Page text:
We discussed the opinions of Tatting, Keen, and Handy.
When we returned to Tatting’s opinion, we mostly concentrated on his understanding of the law.
I think that Tatting is meant to illustrate the problems with what Hart called “formalism,” the idea that the role of a judge is to apply rules to cases. (You can see why Hart wanted to put some distance between his theory and formalism.) Tatting is looking for a formula or very specific statute that would enable him to decide the case (Fuller 1949, 631). When he cannot find such a thing, he runs into trouble.
Tatting is undoubtedly the hardest worker on this court. He found legal citations to support Foster’s opinion that Foster did not know about! But when his legal research points in different directions, he finds himself incapable of weighing the different materials he found. Consequently, he cannot reach a decision.
Keen’s holds that when a statute has a plain meaning, that is what judges ought to use. (As with Truepenny, we don’t know what he would do with a case in the penumbra of a law.)
When you look at the dictionary defintion of “willfully,” you can find different meanings, some of which suggest they are guilty and others suggest they are not. Does this show the statute lacks a plain or natural meaning? (In a similar vein, Austin also asked whether the term “take” has a plain meaning in this context.)
Adrián proposed a test: if almost everyone reads the statute the same way, that should count as its plain meaning. And, as it happens, everyone does read the statute the same way in this case. Nice point!
Antonio noted that the same standard could be applied to resurrecting Foster’s idea that laws have purposes. Keen had said that laws have many possible purposes, suggesting that the project of interpreting laws according to their purposes was hopeless. But, Antonio said, if we can use Adrián’s method to favor one dictionary meaning over the others, we can do the same with purposes: if almost everyone believes the purpose of the statute is to deter murder, that is its purpose.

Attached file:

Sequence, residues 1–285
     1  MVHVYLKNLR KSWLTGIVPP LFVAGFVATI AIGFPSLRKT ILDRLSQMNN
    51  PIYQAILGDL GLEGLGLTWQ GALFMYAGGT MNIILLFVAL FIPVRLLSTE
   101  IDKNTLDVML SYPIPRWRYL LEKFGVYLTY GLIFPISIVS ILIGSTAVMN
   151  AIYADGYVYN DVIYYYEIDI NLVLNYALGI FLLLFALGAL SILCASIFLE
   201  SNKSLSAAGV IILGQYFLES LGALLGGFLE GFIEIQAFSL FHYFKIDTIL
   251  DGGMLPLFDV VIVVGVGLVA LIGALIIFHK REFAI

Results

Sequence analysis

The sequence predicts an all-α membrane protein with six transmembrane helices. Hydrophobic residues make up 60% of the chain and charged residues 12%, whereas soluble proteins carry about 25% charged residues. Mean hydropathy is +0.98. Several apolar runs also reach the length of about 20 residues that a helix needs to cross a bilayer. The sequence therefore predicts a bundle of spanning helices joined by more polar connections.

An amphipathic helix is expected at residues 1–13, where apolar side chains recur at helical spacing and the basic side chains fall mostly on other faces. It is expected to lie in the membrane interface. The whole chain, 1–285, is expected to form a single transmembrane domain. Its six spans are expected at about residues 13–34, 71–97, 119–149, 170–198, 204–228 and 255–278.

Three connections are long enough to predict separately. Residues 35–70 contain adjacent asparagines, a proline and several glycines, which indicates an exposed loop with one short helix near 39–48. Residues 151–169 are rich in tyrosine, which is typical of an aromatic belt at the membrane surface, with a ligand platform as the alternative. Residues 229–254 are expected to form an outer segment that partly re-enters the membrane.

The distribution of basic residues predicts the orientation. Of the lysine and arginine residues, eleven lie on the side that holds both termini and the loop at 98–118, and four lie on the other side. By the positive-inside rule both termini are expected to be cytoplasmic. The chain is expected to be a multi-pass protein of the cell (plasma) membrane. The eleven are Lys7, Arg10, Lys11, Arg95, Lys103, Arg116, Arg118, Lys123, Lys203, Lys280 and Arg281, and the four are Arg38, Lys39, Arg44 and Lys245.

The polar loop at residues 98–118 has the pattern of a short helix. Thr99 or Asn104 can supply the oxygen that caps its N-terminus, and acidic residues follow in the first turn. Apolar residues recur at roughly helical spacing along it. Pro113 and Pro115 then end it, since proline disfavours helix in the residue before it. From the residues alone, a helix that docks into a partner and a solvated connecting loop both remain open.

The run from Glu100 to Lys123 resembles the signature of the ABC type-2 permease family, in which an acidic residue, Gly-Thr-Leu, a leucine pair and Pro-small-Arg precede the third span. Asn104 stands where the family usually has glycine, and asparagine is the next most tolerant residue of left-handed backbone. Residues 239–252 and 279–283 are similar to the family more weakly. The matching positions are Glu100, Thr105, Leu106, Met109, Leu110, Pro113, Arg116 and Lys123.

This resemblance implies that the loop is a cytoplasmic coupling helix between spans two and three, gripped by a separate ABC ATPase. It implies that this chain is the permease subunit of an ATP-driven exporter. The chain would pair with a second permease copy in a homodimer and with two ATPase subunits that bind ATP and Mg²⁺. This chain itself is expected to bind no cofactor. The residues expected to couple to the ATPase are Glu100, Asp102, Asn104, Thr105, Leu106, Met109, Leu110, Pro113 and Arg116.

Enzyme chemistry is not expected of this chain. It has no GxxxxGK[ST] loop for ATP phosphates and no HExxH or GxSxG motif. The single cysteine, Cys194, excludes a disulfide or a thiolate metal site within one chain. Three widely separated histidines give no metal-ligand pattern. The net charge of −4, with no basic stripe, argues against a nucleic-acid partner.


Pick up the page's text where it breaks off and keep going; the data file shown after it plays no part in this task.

The self-defense exception is awkward for Keen. It is not in the plain meaning of the statute. Not one bit. But the courts have clearly recognized such an exception for years.
As Patrick noted, his position here could be something like, “even if you grant that there is an exception for self-defense, it does not apply to this case because Whetmore was not a threat to the others.” That lets him put off the fact that, on his view, the exception should not be there in the first place.
Indeed, in the end, Keen is willing to say that the Court should take even bad laws literally on the grounds that doing so would force the legislature to revisit and improve them.
Most people think Handy is unprincipled in a bad way. So I tried to put the best face on his opinion. Handy thinks judges should use common sense and popular opinion. Governing wisely is more important than legal reasoning for him.
My own opinion is that he should have jettisoned the part about popular opinion. What would he do if the population wanted to execute a clearly innocent person? I hope he would say no. If so, common sense trumps popular opinion.
Handy’s colleagues have already made the case that judges should stick to their institutional roles. In their view, governing wisely is a job for the government as a whole, judges are only one part of the government with a specific task to play, and they should stick to their task.
On the other hand (sorry!), Handy tells us that they know this is not actually the way it is going to work. If justice is to be done, they are going to have to do it. Handy meets Matthew’s point about passing the buck head on.
We had four votes for guilty and fourteen for not guilty.
Truepenny got one vote for best decision, Foster got eight, Tatting one-half (appropriately), Keen three, and Handy none. (I’m always the only one who likes Handy.)
It will be interesting to see if anyone changes their mind in the course of writing the paper.
Fuller, Lon L. 1949. “The Case of the Speluncean Explorers.” Harvard Law Review 62 (4): 616–45.